Let’s say you lent your friend $5 to buy 20 gum-balls for 25¢ each. You agree that he will pay you $10 in one year’s time.
That means that in the future (with prices held constant), you'd be able to purchase 40 gum-balls with your $10, 20 more than you would've if you purchased now!
However, what would happen if the price increased to 33¢ per gum-ball? You would not actually be 20 gum-balls better off by making the loan, but rather only 10 gum-balls better off when you account for the price increase.
This simple example represents nominal vs. real interest rates!
Nominal interest rates (i) explained
Nominal interest rates are exactly what you would expect; they are just “normal” interest rates.
Nominal interest rates are the pure percentage gain of dollars after a certain period of time.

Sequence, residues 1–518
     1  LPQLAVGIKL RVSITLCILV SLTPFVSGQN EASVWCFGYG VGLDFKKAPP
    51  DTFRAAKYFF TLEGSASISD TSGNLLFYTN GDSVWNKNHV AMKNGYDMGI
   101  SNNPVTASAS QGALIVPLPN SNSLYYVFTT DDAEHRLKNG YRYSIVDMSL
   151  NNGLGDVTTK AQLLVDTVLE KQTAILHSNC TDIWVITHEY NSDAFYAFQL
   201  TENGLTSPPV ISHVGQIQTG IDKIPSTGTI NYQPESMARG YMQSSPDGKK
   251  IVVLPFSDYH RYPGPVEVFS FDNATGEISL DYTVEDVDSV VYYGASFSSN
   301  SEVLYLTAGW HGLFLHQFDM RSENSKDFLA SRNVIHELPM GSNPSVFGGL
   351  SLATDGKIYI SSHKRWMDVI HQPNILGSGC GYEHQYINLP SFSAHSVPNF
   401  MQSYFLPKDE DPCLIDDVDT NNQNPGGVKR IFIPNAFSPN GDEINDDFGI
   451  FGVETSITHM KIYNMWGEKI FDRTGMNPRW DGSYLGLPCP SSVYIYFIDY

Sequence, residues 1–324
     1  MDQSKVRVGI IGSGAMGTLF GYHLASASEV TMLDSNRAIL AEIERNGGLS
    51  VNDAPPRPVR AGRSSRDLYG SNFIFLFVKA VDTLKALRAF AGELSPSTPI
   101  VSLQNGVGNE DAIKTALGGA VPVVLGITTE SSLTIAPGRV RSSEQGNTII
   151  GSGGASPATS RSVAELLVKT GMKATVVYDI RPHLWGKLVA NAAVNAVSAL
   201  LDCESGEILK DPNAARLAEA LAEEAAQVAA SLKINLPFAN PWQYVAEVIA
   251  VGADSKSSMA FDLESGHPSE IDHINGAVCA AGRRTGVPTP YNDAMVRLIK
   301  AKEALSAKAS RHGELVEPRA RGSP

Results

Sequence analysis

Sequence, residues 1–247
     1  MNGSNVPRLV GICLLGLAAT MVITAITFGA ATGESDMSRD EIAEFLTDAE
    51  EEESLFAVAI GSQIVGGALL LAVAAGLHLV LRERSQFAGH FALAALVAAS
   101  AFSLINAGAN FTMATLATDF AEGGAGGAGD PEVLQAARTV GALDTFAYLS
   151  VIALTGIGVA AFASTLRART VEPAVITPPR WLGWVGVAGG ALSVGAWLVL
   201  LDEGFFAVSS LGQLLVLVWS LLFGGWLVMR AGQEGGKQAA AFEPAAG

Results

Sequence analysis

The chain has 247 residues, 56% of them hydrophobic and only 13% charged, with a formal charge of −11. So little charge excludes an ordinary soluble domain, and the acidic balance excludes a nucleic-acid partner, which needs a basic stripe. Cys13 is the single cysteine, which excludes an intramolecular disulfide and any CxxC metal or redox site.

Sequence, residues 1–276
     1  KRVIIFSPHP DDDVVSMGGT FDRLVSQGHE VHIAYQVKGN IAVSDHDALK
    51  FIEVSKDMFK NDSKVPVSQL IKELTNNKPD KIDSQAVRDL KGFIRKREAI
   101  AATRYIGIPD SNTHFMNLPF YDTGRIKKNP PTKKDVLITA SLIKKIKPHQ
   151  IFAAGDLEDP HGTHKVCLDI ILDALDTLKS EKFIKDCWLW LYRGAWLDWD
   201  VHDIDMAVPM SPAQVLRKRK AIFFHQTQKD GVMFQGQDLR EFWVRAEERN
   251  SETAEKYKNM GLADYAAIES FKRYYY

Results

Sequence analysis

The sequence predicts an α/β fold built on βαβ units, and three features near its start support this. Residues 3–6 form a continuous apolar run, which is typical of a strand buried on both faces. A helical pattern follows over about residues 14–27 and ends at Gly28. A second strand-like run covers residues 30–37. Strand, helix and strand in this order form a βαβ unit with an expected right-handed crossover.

In our gum-ball situation, nominal interest was represented when we didn't consider inflation:
"That means that in the future (with prices held constant), you'd be able to purchase 40 gum-balls with your $10, 20 more than you would've if you purchased now!"
However, in economics you often won't be dealing with gum-balls for calculating nominal interest rates. We'll often work with loans.